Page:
Also ontsleutelingsprogramma for WannaCry on Windows 7

Also ontsleutelingsprogramma for WannaCry on Windows 7

Photo: 123RF

The French beveiligingsonderzoeker Benjamin Delpy has found a way to ransomware WannaCry on Windows 7 to be able to decrypt them.

Delpy got the idea of beveiligingsonderzoeker Adrien Guinet, that Thursday, software published to WannaCry on Windows XP to be able to decrypt them. That says Delpy on Twitter.

The so-called wanakiwi of Delpy looks like Guinets WannaKey to share a secret key on the computer left behind. WannaCry releases data on computers, making them no longer accessible. Only if there is an amount of money paid out, it promises to be the attacker’s computer to decrypt with a secret key.

With that secret key, the files are also encrypted if the malware is installed. The key would be after installation must be removed, but that is not always the case. Sometimes there are parts on the back of the computer. With those parts, it is possible to discover what the secret key is and the files to decrypt them.

To get the software to work may be affected by their users system does not reboot. As a result the share of the secret key still out of the system disappear. Incidentally, it appears that the parts not always on the system to be left behind. The software works not always.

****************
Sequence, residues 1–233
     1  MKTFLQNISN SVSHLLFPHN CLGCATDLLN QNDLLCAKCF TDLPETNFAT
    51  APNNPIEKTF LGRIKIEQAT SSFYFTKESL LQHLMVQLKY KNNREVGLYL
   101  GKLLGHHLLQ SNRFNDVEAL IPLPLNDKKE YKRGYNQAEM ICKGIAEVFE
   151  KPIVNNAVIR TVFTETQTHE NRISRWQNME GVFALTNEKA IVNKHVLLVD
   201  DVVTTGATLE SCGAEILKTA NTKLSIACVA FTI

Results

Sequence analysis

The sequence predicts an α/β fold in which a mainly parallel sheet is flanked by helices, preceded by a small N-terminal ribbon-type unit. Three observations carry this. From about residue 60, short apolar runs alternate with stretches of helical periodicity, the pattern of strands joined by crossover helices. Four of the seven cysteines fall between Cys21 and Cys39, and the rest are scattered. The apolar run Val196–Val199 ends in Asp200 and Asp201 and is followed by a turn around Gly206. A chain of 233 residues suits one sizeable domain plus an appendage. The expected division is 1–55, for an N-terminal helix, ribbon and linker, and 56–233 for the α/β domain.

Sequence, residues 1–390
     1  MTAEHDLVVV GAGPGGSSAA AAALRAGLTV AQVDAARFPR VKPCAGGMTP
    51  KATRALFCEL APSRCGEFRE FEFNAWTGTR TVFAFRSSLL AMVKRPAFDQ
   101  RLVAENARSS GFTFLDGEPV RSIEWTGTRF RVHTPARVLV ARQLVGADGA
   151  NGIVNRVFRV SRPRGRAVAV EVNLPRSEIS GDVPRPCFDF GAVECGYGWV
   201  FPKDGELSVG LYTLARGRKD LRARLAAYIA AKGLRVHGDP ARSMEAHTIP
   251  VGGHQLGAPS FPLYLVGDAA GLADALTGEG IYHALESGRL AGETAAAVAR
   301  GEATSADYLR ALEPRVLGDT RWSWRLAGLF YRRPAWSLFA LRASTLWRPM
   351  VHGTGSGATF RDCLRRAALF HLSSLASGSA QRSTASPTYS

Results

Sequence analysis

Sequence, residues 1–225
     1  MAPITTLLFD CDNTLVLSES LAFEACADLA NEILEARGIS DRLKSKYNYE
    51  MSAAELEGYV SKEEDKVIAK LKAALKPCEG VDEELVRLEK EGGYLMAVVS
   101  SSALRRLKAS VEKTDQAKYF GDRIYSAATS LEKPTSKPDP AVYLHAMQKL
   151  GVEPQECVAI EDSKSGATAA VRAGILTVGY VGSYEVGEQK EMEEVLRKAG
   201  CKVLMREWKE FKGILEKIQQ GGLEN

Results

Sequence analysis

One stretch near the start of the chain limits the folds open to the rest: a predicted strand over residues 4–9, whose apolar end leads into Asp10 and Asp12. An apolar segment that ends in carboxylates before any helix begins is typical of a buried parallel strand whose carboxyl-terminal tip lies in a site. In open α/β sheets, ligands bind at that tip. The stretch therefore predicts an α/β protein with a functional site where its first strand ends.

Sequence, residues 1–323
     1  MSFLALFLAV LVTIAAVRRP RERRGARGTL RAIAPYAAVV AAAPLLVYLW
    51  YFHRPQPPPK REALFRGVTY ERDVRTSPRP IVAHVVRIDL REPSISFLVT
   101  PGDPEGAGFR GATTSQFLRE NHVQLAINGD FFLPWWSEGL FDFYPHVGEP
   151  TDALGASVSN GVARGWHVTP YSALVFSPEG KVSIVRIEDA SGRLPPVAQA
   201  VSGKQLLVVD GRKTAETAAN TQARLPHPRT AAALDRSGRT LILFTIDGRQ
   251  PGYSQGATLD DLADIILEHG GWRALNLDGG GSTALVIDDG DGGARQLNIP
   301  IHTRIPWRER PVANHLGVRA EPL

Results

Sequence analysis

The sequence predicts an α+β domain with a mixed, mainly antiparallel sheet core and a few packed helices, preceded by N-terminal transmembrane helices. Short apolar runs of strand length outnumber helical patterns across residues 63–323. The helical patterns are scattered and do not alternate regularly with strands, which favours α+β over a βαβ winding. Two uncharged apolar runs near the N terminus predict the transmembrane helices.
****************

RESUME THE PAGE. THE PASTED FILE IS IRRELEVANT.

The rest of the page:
Windows 7

Wanakiwi was tested by beveiligingsonderzoeker Matt Suiche. According to him, works the software on Windows 7, Server 2003, Server 2008, and Windows XP.

According to research from security company BitSight, the vast majority of the computers used by the ransomware attack hit were from Windows 7. Windows 10, the newest version of the operating system, accounted for 15 percent of the victims. There is, as yet, not found a way to access files on Windows 10 to unlock.

The attack with WannaCry began on Friday, may 12, when several companies in Spain and hospitals in Britain were victims. Soon there are reports from more countries. More than 200,000 companies in 150 countries were eventually infected. In the Netherlands, among others, were Q-Park and the klachtenwebsite of the National Action Committee Students (LAKS) for the victim.

See also:
What we know about the ransomware WannaCry

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